Early Career, Student Finances

College Grads: Stepping-Stones to Starting Your Own Business

If you’re a recent college grad, you may aspire to turn your dream business into a reality. In fact, a survey conducted by the University of Phoenix reveals that 63 percent of people in their 20s were either entrepreneurs—or would like to be one someday.

While that may come as no surprise, getting a venture up and running isn’t easy. As you know, it requires a ton of work, grit and resources. But no need to feel intimidated or overwhelmed. There are ways you can gradually build your own business that don’t necessarily require a lot of funds and time.  

For new college grads with an entrepreneurial mindset, here are a few stepping-stones to starting your own business:

Set up an Online Store

For those with a creative, crafty bent, you can set up shop online. Opening a store on popular marketplaces such as Society6, Etsy, or Shopify is a great way to learn how to promote, showcase, and sell goods. It’s also provides a low-risk way to test your ideas and see what flies.  

And because there isn’t a huge investment involved, you can easily be flexible and pivot to meet the wants of your potential client base. “Your customers will show you what they want,” explains Chelsea Russo, managing director of Nathan Miller Chocolates. “Be a student of how your idea can be just what the customer is looking for.”  

Pick Up Gigs on Freelance Platforms 

Freelance platforms are a great way to develop your skills with very low risk and money. Popular ones include Fiverr, Upwork, and Freelancer.com. Services you can offer include everything from technical writing to graphic design and software development. They’re a solid way to explore what you really want to do.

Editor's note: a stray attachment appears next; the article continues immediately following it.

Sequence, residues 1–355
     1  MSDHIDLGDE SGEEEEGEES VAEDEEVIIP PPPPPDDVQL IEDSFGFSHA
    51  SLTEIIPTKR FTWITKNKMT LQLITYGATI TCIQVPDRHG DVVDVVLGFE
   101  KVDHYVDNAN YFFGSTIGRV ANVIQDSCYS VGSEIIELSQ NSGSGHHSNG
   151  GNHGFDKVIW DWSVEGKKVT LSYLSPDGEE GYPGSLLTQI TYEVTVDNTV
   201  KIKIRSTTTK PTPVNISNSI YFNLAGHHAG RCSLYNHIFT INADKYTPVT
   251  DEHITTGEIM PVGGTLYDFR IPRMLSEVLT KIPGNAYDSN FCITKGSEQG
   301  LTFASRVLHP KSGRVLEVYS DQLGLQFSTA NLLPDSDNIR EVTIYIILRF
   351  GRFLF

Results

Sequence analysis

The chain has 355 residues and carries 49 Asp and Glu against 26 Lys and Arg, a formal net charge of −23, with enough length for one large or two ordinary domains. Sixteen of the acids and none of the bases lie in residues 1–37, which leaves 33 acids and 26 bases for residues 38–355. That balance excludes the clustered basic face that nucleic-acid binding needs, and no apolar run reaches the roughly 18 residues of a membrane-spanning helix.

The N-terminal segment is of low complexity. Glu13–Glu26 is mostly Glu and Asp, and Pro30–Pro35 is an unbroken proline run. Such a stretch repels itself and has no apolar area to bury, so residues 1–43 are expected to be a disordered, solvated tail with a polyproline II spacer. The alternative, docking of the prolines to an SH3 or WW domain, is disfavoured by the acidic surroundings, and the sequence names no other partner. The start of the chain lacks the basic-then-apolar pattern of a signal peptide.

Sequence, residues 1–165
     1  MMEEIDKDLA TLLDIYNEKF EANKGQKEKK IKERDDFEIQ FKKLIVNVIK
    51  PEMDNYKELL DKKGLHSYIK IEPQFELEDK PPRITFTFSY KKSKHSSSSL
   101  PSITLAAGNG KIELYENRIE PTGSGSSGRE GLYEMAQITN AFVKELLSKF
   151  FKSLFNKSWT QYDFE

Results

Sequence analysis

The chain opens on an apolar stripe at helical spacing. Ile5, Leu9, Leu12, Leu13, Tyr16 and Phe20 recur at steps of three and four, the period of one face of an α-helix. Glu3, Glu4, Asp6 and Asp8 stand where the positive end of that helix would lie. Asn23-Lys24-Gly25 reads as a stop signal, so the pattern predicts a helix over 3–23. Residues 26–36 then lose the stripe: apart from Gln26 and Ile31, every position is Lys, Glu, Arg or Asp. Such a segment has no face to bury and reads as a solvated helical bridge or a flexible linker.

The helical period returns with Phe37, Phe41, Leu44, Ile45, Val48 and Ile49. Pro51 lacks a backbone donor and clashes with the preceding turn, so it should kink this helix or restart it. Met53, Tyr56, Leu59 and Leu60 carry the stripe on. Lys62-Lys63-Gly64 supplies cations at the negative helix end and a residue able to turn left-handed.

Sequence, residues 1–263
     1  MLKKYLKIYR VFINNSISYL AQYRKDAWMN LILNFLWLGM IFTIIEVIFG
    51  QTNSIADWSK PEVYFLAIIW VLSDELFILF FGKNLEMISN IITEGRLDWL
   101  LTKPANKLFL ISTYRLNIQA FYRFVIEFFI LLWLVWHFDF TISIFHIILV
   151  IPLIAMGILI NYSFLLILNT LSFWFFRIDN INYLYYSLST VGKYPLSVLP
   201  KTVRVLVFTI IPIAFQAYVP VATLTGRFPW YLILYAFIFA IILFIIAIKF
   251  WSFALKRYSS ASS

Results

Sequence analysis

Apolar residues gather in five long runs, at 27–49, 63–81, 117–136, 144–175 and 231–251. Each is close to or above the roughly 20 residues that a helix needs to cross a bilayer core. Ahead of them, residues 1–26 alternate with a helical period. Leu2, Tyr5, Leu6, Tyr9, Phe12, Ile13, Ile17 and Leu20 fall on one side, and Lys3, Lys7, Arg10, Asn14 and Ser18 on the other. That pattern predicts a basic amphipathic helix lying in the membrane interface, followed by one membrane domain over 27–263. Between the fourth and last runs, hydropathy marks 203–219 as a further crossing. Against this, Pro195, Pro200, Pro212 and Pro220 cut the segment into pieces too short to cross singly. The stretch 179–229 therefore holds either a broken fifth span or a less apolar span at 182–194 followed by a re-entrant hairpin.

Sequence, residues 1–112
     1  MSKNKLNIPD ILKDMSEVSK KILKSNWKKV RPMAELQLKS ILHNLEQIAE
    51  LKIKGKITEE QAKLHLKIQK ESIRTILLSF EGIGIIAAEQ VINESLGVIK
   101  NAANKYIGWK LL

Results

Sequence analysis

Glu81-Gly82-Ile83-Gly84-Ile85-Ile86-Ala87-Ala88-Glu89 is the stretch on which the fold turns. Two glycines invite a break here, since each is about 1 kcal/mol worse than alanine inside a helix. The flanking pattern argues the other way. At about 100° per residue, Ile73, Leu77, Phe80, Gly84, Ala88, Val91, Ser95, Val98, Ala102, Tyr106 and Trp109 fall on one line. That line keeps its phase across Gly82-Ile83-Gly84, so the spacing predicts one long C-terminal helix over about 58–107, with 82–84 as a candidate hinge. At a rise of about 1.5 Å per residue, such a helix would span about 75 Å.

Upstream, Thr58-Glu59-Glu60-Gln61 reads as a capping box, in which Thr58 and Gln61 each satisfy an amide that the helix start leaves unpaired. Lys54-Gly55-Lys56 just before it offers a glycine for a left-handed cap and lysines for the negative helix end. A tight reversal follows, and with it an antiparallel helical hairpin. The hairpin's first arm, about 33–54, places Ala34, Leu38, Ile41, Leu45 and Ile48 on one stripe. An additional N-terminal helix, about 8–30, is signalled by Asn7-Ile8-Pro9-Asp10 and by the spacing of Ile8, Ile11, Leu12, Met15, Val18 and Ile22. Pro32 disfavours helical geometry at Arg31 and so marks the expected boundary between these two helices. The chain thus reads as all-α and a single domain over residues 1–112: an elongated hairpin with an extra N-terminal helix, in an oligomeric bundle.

You can even think of it as a training grounds to learn what you are best. Take it from app strategist and agency founder Carissa Lintao. The 21-year-old started freelancing on Upwork at the ripe age of 17 because she couldn’t find a “real job” at say, Best Buy. And during college, Lintao turned freelancing on the platform into a five-figure side hustle. After taking on about a hundred assignments and exploring different things, Lintao realized her strength—and passion—was in app marketing strategy.  

Fast forward to the present, the 21-year-old recent college grad is launch her own app marketing agency, Apptuitive. As you can see, small gigs can eventually lead to giving you the experience, skills, and confidence to do great things.  

Start Off Very Small  

You don’t need to get seed funding or raise a significant amount of funds to start developing the skills and building your network. As they say, begin where you’re planted, and start small. “People are terrified of entrepreneurship because it involves risk,” explains Lintao. “But if you freelance as a content writer on Upwork, there’s nothing to lose. There’s no need to invest hundreds of dollars into a website, fancy equipment, or your personal brand when you’re just starting out.”